'Holy Stairs' in Rome close for restoration

‘Holy Stairs’ in Rome close for restoration

‘Holy Stairs’ in Rome close for restoration

Scala Santa (Holy Stairs) in Rome. (Credit: Mountain Butorac via CNA.)

The ‘Scala Santa,’ or ‘Holy Stairs,’ which are believed to be stairs trod by Jesus on the day of his trial and death, have closed for a year for restoration.

ROME – The ‘Scala Santa,’ or ‘Holy Stairs,’ which are believed to be stairs trod by Jesus on the day of his trial and death, have closed for a year for restoration.

The restoration work appears not to be of the stairs themselves, but of the frescoes on the walls surrounding the stairs, which lead up to a once private papal chapel, the Church of St. Lawrence.

During the closure, an image replicating the stairs covers the entrance and pilgrims who visit this year can ascend one of several other staircases just to the side of the original.

The Holy Stairs are held to be those which led to the praetorium of Pontius Pilate in Jerusalem, and which Jesus would have ascended on his way to the trial before his Crucifixion.

According to tradition, the stairs were brought to Rome by St. Helena in the 4th century. The mother of Emperor Constantine the Great, it is believed that she restored many holy sites in the Holy Land and discovered the True Cross, in addition to other relics.

The stairs, which are near the Archbasilica of St. John Lateran, were opened to the public approximately 400 years ago.

They are made of white marble, but are encased in wood for protection. In places, there are squares cut out of the wood where pilgrims can reach down to touch the marble. There are also glass cases protecting spots believed to have marks of the bloody footprint of Christ.

Pilgrims who visit the stairs must ascend them on their knees as a sign of piety and reverence, though they can choose how to pray, whether by saying a short prayer on each step or meditating on the Passion of Christ.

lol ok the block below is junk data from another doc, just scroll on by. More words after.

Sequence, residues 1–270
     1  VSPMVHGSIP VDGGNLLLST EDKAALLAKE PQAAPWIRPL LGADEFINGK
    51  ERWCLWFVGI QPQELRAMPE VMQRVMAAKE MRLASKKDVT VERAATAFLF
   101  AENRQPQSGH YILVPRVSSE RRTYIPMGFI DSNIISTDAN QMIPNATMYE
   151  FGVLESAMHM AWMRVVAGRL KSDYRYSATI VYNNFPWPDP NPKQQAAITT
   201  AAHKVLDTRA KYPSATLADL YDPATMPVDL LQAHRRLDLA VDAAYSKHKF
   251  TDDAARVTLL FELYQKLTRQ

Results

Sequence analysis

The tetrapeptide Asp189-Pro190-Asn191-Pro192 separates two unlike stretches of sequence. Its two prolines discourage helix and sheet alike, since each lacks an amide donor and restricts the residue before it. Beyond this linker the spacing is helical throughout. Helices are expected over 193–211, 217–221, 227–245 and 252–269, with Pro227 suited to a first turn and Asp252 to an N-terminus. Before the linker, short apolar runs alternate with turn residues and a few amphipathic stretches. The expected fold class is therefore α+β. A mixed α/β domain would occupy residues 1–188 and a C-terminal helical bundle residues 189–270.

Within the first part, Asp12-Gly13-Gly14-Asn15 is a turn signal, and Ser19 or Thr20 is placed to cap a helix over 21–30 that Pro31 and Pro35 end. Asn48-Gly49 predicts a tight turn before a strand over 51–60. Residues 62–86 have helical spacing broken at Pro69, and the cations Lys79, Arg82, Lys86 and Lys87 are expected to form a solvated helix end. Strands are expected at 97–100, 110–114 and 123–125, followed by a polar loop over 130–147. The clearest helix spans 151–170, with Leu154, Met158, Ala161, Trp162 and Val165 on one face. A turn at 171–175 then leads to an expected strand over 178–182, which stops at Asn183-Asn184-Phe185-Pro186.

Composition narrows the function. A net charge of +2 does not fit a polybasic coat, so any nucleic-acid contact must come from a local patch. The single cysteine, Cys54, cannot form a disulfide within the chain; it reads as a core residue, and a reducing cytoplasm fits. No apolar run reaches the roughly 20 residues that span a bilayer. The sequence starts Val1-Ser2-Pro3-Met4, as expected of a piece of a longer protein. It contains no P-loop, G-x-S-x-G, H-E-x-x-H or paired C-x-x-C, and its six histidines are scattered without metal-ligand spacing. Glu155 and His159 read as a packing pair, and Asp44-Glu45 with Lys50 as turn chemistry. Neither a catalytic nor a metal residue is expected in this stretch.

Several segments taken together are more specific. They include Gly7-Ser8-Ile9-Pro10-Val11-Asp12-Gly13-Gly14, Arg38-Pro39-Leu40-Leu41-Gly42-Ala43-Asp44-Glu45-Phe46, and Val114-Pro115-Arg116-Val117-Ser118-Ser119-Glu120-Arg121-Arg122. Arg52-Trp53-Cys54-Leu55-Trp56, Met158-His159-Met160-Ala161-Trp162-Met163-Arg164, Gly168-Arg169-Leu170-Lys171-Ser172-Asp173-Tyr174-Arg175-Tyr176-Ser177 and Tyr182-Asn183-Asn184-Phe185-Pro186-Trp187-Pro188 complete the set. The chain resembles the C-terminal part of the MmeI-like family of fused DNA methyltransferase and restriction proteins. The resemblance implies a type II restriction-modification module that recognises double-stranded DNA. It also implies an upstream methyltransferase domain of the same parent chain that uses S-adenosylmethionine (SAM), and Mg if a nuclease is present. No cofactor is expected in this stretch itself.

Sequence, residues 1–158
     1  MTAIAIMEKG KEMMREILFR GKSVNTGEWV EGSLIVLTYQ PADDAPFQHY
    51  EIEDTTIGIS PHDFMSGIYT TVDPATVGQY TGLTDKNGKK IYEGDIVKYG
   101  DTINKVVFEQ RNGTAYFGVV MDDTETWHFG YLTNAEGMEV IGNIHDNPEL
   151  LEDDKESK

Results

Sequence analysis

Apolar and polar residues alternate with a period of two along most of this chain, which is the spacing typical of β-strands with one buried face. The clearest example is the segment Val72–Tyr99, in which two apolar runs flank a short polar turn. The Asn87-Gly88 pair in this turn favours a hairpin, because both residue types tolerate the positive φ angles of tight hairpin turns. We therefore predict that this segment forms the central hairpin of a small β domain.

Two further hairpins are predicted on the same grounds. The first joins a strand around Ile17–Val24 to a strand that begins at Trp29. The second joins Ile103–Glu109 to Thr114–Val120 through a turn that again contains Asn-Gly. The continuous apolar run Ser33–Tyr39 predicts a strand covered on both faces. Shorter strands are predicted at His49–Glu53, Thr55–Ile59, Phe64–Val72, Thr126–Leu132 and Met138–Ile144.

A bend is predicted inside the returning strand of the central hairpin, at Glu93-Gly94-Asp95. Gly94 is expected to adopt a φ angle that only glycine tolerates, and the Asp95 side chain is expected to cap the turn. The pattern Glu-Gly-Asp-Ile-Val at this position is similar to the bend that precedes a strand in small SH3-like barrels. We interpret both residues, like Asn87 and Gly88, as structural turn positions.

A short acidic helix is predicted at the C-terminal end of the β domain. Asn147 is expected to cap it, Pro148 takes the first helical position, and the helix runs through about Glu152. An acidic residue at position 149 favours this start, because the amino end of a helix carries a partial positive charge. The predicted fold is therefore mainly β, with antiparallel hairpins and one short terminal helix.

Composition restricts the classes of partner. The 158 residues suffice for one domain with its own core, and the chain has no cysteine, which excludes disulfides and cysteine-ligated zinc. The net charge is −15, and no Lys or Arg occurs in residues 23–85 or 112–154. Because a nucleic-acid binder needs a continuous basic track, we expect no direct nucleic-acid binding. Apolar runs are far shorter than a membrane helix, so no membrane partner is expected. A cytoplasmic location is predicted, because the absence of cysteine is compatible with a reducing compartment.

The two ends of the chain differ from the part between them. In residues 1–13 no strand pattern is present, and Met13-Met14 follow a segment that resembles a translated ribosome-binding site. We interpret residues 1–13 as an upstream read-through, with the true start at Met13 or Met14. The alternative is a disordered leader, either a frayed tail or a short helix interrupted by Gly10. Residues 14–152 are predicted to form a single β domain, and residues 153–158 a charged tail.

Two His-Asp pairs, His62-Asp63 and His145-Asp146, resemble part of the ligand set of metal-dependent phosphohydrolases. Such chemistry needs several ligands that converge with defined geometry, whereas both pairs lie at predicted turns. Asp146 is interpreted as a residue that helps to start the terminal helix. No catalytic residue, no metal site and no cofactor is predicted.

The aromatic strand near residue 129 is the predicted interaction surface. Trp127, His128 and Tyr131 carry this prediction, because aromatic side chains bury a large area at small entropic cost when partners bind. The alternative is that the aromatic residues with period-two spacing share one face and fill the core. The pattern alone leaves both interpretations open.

Those who cannot ascend on their knees may kneel on the first step and then walk up one of the other staircases to reach the top. The names of people who have visited the stairs since their opening can be seen carved with the date of their visit along these other staircases.

The faithful can also attain an indulgence, or remittance of temporal punishment due to sin, by climbing the stairs. To receive a plenary indulgence, they must ascend the entire staircase. Otherwise, a partial indulgence may be gained for every step on their knees while meditating on the Passion of Christ. The usual conditions for an indulgence must be met: making a sacramental confession, receiving the Eucharist, praying for the intentions of the Pope and being free of all attachment to sin.

Mountain Butorac, a Catholic tour guide living in Rome for four years, said that the Scala Santa is one of his favorite places to take pilgrims on his “The Catholic Traveler” tours in Rome. In 2017 alone, he took around 500 people, both Christians and non-Christians.

He told CNA that going up the stairs on one’s knees is a little painful, but thinking about what Jesus experienced during his Passion and Death, “makes it worth it.”

For him though, the best part of the Holy Stairs is seeing what it does for the people that he brings there. “That for me is what is so powerful, just to see how it affects people,” he said.

He has witnessed several re-conversions of people who had fallen away from the faith, he said. Sometimes people are moved to tears and filled with the sudden desire to go to the sacrament of confession, or to receive the Eucharist, after many years away.

“I encourage even people that aren’t Catholic to go up the stairs too,” he noted. “And a lot of times what happens is those are the people that have the most powerful experience.”

One Catholic man, Butorac said, had an experience on the stairs where he felt God calling him to give away the large sum of money he had saved for retirement. He has now spent the last few years donating his savings to the Church, “all because of the experience that he had on the stairs.”

Despite the closure, Butorac said he will continue to bring pilgrims, who can receive the same graces and indulgences by going up an alternate staircase during the restoration. “But you can bet I’ll be the first in when they reopen,” he said lightheartedly.

Important Note from John L. Allen Jr.:

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